"I CAN ONLY IMAGINE" — 2½ stars — J. Michael Finley, Dennis Quaid, Brody Rose, Trace Adkins, Madeline Carroll, Taegen Burns; PG (thematic elements, including some violence); in general release
Andrew and Jon Erwin’s “I Can Only Imagine” has some moments of broad appeal, but it is ultimately built for a niche audience.
The Erwin brothers’ film shares the story behind the song of the same name, written by Christian music artist Bart Millard, lead singer of the band MercyMe, in the 1990s. “Imagine” follows Bart’s life as he turns his childhood struggles and complicated relationship with his father into the inspiration for the song that made his career.
“Imagine” opens in the mid-1980s as Bart (played as a child by Brody Rose) is growing up in Greenville, Texas. His Walkman cranks out tunes from ELO and U2, providing a soundtrack for a tumultuous home life with his mother Adele (Tanya Clarke) and abusive father Arthur (Dennis Quaid).
After Bart attends a Christian summer camp where he meets his future girlfriend Shannon (Taegen Burns), he returns to find his mother has left the family, leaving him in the hands of his father. Bart spends the rest of his adolescence trying to appease Arthur, playing football and shunning his more creative aspirations, but when the high school glee club teacher (Priscilla C. Shirer) casts him as the lead in the school musical, Bart’s dreams begin to come into focus.
From here, “Imagine” shifts gears as Bart (played as an adult by J. Michael Finley) leaves home after high school to join up with a struggling Christian rock band called MercyMe right around the same time his father learns he has cancer. The band struggles through a series of low-paying gigs, trying to win the attention of industry power brokers such as Brickell (Trace Adkins), and in the meantime, Bart’s relationships with Arthur and Shannon (played as an adult by Madeline Carroll) continue to strain.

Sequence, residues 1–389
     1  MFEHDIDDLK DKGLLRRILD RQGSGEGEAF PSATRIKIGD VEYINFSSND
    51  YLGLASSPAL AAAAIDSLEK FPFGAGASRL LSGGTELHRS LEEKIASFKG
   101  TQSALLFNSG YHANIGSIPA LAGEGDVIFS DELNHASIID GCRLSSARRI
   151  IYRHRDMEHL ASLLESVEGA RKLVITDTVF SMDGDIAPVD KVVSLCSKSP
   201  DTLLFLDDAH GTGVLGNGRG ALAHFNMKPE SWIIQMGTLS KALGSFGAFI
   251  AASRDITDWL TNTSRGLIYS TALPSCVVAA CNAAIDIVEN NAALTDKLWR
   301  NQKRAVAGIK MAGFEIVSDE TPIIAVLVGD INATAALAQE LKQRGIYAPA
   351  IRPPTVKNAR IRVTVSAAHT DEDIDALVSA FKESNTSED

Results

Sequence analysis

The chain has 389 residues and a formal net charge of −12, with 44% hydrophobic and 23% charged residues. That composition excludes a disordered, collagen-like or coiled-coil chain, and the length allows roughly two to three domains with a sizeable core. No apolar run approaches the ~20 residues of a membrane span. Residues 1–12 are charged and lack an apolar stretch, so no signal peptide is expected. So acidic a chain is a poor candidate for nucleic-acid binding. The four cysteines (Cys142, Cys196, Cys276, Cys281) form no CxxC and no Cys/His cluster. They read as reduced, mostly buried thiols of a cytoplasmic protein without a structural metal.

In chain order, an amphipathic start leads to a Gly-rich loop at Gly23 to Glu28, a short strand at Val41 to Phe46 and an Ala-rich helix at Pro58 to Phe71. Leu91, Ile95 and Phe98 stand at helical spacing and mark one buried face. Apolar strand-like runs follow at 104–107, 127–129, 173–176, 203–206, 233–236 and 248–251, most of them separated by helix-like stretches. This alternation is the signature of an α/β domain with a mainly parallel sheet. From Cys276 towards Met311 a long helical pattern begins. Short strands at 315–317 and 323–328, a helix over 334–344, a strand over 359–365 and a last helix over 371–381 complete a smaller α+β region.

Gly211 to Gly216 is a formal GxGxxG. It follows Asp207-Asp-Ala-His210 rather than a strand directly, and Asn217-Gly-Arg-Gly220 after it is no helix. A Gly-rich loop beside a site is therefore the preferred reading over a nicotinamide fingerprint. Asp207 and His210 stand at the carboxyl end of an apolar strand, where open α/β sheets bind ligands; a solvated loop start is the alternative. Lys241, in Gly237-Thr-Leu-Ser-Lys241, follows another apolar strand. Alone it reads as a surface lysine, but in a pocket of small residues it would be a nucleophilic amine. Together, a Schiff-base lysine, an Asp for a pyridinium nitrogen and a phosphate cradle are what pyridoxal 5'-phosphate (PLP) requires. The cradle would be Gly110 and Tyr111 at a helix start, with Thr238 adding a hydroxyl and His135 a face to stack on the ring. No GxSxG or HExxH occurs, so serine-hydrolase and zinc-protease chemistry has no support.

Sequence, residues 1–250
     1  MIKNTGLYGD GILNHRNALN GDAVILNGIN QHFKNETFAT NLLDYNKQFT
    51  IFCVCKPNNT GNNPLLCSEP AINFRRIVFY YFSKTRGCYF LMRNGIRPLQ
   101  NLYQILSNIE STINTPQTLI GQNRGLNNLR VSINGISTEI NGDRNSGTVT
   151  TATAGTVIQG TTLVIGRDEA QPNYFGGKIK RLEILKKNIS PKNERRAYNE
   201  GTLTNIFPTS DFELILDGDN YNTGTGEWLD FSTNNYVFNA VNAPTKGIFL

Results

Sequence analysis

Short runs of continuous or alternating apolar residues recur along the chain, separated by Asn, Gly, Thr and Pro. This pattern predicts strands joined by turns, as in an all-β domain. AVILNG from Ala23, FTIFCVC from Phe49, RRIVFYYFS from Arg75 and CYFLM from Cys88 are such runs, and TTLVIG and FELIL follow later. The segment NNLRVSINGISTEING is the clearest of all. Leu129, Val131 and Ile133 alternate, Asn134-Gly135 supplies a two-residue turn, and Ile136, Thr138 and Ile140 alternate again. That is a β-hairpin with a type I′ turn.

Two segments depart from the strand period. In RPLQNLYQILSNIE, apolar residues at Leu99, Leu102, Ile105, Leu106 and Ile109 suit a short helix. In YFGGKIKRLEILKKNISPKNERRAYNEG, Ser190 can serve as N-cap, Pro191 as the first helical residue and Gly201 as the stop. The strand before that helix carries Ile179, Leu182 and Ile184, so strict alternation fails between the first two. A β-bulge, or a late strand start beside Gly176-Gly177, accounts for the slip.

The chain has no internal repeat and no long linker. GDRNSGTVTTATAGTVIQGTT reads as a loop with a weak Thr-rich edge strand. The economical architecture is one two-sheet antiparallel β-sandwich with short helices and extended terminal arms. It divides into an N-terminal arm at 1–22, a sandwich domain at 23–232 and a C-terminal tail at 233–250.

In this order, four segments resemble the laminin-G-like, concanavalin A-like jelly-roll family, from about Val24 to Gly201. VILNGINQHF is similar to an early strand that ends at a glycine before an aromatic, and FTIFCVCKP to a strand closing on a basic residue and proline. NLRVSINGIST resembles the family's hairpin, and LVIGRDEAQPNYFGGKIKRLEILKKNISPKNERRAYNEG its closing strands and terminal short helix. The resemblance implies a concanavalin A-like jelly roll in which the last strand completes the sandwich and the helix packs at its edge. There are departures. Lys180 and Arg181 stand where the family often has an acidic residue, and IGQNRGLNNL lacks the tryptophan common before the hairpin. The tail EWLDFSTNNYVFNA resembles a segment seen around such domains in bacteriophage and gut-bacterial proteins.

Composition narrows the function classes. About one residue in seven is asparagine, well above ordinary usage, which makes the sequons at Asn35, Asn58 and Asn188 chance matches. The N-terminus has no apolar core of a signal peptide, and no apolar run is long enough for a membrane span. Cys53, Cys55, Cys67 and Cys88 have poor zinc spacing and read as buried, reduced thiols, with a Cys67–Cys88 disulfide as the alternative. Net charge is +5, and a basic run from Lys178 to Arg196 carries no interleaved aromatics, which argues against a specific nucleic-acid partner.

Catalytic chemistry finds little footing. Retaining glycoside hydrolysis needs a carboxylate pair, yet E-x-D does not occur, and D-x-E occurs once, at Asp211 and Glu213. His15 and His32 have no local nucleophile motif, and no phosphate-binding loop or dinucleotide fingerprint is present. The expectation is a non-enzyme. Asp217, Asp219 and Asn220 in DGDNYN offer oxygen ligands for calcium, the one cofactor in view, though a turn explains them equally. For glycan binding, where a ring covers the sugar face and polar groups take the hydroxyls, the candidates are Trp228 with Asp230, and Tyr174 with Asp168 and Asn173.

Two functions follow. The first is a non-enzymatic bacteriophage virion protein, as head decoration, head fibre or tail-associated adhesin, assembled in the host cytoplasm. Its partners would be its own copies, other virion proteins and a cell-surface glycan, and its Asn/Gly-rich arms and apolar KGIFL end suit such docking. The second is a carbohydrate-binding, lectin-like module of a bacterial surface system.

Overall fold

Eventually, the different threads converge around Bart trying to reconcile his relationship with Arthur, whose illness has inspired him to try and mend his ways. This in turn leads to MercyMe’s musical breakthrough.
“Imagine’s” mostly straightforward plot is built around Bart learning about both forgiveness and how to be a real artist, and at times — particularly during one memorable heart-to-heart conversation with Brickell — those threads lead to thoughtful and insightful moments.
“Imagine’s” tone can feel a bit heavy-handed at times, and the sight of a bearded Finley playing a high schooler seems especially odd (the film is also a little too vague about Arthur’s abusive nature, given what Bart describes later in the movie). On the plus side, Quaid’s veteran performance adds credibility to the mostly unknown cast, as does Cloris Leachman, who also plays a supporting role.
Fortunately, the Erwin brothers do well to emphasize “Imagine’s” more universal themes, since so much of the film’s content — including scenes referencing Christian artists Amy Grant and Michael W. Smith — will best be appreciated by a very specific audience. You don’t have to be a hardcore Christian music fan to enjoy “I Can Only Imagine,” but it definitely helps.
"I Can Only Imagine" is rated PG for thematic elements, including some violence; running time: 110 minutes.